Tell Me Your Story


I was in Washington, D.C. and riding in a cab from a conference to the night’s lodging. As soon as I gave the destination address, I said to the driver, “Tell me your story.”

He looked at me in disbelief and remarked, “No one has asked me that.”
“Really, tell me,” I implored and sat back to listen for the next twenty minutes.
He was from Kashmir, and immigrated with his wife. They have two children who are doing well in school. He is proud of them. He described a loving wife and adoring children. Life is good in the United States.
That was it. Birth. Marriage. Children. Work. Love. Life.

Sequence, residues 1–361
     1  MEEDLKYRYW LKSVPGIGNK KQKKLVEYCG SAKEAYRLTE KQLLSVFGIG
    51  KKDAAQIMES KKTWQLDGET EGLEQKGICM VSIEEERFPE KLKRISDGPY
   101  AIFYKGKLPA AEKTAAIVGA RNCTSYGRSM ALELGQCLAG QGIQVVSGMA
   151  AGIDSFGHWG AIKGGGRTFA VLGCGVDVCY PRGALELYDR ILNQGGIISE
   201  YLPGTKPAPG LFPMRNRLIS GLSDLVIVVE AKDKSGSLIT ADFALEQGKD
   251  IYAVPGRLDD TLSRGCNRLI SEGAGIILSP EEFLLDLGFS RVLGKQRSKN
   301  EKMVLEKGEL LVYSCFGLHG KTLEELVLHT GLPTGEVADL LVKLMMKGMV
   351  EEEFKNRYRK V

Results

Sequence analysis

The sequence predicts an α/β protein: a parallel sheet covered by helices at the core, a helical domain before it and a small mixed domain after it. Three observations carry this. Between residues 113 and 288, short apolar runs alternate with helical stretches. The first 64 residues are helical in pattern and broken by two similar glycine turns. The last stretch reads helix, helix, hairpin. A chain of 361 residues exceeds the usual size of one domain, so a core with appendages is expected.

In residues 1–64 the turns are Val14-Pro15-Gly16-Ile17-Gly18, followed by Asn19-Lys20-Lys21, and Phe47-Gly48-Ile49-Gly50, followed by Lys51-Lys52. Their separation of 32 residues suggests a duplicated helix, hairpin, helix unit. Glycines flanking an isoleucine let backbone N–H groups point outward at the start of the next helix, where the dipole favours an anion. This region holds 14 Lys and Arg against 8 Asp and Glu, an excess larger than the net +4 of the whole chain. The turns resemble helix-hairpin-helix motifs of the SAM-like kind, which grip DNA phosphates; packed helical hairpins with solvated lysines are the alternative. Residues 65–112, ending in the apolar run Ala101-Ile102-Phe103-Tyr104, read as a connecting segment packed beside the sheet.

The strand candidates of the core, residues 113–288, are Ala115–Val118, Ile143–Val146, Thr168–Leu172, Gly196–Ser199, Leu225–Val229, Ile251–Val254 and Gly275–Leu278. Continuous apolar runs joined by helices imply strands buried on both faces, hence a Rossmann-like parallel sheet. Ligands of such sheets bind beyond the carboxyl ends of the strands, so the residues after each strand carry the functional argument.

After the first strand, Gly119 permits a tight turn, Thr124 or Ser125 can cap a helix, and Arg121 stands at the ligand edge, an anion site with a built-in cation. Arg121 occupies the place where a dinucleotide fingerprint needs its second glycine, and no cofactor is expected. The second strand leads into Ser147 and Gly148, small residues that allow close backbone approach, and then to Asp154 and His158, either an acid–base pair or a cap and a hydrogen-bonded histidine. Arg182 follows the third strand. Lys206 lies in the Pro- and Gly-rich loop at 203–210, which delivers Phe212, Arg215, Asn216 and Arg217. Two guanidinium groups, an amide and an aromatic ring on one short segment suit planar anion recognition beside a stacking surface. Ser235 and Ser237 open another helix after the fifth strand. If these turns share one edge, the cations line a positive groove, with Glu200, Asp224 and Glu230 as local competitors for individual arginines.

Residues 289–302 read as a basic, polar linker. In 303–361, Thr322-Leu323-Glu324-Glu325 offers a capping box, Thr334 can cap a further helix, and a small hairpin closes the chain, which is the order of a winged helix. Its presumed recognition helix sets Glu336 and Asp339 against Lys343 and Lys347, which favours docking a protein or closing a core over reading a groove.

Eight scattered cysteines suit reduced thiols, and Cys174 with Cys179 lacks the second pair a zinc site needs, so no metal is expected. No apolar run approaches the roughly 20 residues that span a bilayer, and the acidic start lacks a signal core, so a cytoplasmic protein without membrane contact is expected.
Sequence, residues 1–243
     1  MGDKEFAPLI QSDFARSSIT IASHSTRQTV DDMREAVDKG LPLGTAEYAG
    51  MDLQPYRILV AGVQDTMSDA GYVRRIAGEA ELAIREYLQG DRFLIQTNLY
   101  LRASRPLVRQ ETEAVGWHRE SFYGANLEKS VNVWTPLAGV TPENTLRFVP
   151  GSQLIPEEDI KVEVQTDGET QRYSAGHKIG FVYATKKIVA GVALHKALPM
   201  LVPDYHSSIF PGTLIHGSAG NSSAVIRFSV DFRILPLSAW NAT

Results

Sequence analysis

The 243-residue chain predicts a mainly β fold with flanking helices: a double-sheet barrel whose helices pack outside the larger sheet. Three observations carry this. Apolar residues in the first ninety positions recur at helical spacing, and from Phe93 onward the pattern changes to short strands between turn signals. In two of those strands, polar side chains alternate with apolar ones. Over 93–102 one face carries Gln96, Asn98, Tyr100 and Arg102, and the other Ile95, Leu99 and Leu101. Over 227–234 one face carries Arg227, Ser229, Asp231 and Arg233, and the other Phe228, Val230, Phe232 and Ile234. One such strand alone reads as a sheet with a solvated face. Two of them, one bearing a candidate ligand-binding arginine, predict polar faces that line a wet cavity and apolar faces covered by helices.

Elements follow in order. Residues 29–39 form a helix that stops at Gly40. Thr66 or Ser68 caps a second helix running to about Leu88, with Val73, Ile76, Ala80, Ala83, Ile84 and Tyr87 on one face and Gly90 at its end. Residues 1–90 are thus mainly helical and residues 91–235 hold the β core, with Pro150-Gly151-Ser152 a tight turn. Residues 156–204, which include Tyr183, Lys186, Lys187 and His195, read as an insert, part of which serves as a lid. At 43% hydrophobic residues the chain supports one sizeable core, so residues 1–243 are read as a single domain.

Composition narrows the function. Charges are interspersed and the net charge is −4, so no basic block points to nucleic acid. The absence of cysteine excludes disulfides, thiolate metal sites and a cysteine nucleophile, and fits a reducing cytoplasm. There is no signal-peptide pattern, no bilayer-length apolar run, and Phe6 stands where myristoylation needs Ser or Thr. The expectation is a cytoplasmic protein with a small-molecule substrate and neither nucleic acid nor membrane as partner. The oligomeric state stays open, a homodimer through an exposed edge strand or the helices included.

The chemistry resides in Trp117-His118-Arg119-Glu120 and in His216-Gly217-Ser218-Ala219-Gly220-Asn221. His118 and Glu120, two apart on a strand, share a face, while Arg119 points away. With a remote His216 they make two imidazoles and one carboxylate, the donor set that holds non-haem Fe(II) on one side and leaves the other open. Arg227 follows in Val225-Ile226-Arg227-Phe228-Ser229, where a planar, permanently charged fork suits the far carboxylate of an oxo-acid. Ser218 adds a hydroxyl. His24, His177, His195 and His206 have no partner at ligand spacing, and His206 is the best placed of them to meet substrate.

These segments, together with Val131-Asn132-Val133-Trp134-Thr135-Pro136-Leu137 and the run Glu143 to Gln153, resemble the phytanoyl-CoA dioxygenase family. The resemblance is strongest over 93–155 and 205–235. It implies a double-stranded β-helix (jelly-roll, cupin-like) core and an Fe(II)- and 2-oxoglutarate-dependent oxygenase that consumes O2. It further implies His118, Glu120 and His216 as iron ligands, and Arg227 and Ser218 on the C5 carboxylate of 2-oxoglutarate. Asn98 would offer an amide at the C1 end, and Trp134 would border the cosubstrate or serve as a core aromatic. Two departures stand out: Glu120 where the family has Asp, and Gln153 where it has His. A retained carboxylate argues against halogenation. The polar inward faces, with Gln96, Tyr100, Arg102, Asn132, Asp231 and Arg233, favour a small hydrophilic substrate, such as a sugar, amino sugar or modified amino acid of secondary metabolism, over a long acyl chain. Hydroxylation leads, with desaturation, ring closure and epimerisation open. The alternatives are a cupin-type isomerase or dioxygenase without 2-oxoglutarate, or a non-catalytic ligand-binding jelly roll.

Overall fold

Of course, I had questions which he answered freely. We arrived and we still wanted to converse. I arranged to ask him if he was available tomorrow when I leave. He was and the conversation was to be continued.
I enjoyed this so much that the simple request, “Tell me your story” is part of my conversation when meeting someone new. It is also useful to learn more about my friends and family. The best part is to listen, giving undivided attention to the personal message that is being shared. When done, I have questions. “How long have you been here?” “How old are your children and what are their names?” “What job would you be doing if you weren’t doing what you are doing today?”

Why don’t you tell me your story?


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